They don’t tell you they’re gonna give it back.

The cruiser pulled in slowly, coming to a slanted stop at the top of the driveway. What were they here for? It had been over a month. They do welfare checks after these sorts of things? Guess so.

I watched him through the picture window. Pausing. His head drawn to his lap. Maybe just replying to a text. Maybe getting up the nerve for whatever he had to tell me. He couldn’t see me through the glare of both his glass and mine. Or maybe he could.

The deputy finally stepped out, tilting his head to mouth something into the shoulder mic. He circled to the back of the car, lifted the hatch, and pulled out a box. Square and white, like one of those gift packages full of overpriced steaks and a block of dry ice.

I opened the door before he had a chance to knock. Pleasant, not somber. Dad’s ashes were long scattered from the overlook he had mentioned that one time. Like an afterthought. Like it even mattered. I knew what was in this box, now.

As he opened it to show me, I could see it in his eyes. He admired it. Another “gun guy” like Dad. Like me—even though we never called them guns. They were rifles or shotguns or pistols: single-actions, double-actions, bolt-actions, lever-actions, pumps, semi-automatics, tube-fed, or magazine-fed tools, referred to by caliber. Each with its own purpose: deer, rabbit, skeet, ducks and pheasant. Or bowling-pins, tin cans, milk jugs, paper silhouettes.

The deputy didn’t wanna say it—out loud, anyway—so I did. “It’s a beautiful piece,” shaking my head the way I thought I was supposed to. A tool used only once. Dad’s revolver. The Colt. Pure craftsmanship from butt to barrel. Elegant symmetry. The dimples on the chrome cylinder still polished enough to see your warped reflection in it. The trigger pull was heavenly.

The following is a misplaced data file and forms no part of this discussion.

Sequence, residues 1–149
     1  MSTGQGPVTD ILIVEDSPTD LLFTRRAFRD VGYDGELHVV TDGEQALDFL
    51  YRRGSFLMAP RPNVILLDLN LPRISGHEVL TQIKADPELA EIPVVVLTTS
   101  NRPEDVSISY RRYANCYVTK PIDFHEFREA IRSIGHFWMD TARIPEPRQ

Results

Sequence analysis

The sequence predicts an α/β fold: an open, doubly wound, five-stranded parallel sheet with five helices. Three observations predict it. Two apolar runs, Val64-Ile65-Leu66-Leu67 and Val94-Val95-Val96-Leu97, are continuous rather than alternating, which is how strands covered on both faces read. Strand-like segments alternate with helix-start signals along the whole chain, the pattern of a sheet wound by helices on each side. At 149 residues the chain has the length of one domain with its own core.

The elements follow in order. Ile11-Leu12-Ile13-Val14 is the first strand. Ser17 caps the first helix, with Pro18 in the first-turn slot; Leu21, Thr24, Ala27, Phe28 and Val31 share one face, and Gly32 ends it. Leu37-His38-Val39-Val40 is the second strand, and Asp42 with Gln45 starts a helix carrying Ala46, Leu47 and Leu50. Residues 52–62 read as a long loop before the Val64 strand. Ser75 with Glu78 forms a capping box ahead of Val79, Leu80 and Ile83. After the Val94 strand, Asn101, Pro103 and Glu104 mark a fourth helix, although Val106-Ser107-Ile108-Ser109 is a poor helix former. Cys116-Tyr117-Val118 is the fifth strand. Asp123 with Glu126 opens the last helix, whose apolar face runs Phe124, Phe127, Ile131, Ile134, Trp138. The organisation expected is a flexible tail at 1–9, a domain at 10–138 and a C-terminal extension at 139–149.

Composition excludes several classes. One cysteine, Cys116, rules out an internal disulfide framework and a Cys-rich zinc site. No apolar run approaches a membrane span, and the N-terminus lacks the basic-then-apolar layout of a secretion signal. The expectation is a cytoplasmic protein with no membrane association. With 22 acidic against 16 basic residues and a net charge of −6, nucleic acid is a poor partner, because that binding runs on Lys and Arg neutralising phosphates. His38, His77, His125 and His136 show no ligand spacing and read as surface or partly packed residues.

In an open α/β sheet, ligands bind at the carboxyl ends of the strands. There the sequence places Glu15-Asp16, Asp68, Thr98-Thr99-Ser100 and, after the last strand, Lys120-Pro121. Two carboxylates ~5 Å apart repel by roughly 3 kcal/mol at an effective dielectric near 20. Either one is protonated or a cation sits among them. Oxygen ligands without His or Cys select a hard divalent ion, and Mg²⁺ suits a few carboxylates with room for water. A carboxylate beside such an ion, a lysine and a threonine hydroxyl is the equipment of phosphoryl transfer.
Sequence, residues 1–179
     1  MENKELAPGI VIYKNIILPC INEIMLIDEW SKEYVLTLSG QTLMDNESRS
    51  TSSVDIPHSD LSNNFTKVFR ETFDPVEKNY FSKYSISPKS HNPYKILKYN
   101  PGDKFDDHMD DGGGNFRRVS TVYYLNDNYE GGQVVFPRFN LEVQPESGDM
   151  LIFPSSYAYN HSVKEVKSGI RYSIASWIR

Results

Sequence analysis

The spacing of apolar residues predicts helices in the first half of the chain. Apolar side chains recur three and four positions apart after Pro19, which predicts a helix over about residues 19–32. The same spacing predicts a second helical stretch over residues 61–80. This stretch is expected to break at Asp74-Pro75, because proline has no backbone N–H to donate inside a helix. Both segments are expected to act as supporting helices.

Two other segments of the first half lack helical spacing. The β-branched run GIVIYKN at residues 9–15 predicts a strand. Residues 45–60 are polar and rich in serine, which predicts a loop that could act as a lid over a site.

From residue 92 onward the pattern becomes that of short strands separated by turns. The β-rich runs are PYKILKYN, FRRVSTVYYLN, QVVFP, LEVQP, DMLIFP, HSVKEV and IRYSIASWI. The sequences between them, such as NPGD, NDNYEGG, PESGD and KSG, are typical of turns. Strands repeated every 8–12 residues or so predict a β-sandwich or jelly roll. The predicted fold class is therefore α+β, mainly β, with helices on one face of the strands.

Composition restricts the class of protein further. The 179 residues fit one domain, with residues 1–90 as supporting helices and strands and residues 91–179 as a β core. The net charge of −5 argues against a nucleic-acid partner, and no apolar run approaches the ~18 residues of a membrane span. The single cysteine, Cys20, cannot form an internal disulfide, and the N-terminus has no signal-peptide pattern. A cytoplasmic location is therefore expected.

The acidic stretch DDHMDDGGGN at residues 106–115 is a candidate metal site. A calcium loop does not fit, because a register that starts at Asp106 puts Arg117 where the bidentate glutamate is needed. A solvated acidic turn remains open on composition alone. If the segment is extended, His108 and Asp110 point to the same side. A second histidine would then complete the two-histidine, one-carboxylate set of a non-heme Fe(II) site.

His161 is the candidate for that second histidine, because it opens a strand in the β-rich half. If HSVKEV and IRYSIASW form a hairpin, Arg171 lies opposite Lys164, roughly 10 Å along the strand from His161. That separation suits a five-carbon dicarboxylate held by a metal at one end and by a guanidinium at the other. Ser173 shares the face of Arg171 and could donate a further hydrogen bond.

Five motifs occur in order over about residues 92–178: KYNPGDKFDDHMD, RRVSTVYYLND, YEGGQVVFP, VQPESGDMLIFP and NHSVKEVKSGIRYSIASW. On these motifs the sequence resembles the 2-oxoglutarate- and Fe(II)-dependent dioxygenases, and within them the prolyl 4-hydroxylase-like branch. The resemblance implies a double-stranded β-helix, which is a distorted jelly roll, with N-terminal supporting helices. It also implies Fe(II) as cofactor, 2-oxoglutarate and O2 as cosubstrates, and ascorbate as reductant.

I shook my head again thinking about it. This collector’s piece. Its cylinder had held only one bullet. His. The spent brass of the single round had escaped its tissue wrapping and lolled in the bottom of the box. The deputy gauged my reaction with morose curiosity. Maybe I was the only one seeing the paradox in the etching scrawled into the barrel: Python .357. Some snakes strike fast and deadly. Others constrict, suffocating the victim. Can’t say I didn’t see it coming. But it was the cancer that had squeezed the life from him, not the snake in the box.

It replayed in my head on split-second loops. There wasn’t a muffled pop. There never is, no matter how the movies make it sound. The report boomed in the enclosed space, rattling the house, and me out of bed. I knew what had happened before I caught the lingering nose of nitro and graphite as I ran down the basement stairs. A thin line of it hung over him in wispy, drifting threads.

The blood didn’t bother me. Growing up, I had wallowed in it with him, elbow deep in the cavities of still-warm kills—the steaming gore converted to meat on the table. As a boy, I devoured every marksman’s lesson he gave as hungrily as the grilled tenderloins that those lessons rewarded. Dad wielded each of his tools like a master painter his brushes.

His final piece, though, was a two-tone emulsion. Part of it a wall-sized Pollock on a sheetrock palette. The rest of him creeping across the gray cement, vermillion to black cherry as it slowed.

The deputy unsnapped a clipboard from his hip pocket. He signed, I signed, and it was mine. I didn’t know they were gonna give it back. But now I don’t know if I want it. I don’t know if I can think about that smooth trigger pull the same way again.

~ fin ~

Jim Hamilton

During the day, Jim Hamilton is a field faculty member with NC State University’s Cooperative Extension Service. While he’s written the requisite number of articles in obscure academic journals to warrant his PhD in forestry, he enjoys reading and writing fiction. His first novel, “The Last Entry,” was released in 2019 ( and is set in the Appalachian mountains of western North Carolina where he calls home. You can see what he’s up to on Facebook: jimvhamilton